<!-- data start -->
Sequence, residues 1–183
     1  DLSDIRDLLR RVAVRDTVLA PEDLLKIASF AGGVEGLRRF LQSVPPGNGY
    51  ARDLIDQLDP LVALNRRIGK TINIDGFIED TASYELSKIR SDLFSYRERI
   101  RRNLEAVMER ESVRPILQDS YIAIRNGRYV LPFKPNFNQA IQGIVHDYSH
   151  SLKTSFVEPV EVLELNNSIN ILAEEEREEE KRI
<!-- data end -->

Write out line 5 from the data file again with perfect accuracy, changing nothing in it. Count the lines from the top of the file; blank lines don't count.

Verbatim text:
   151  SLKTSFVEPV EVLELNNSIN ILAEEEREEE KRI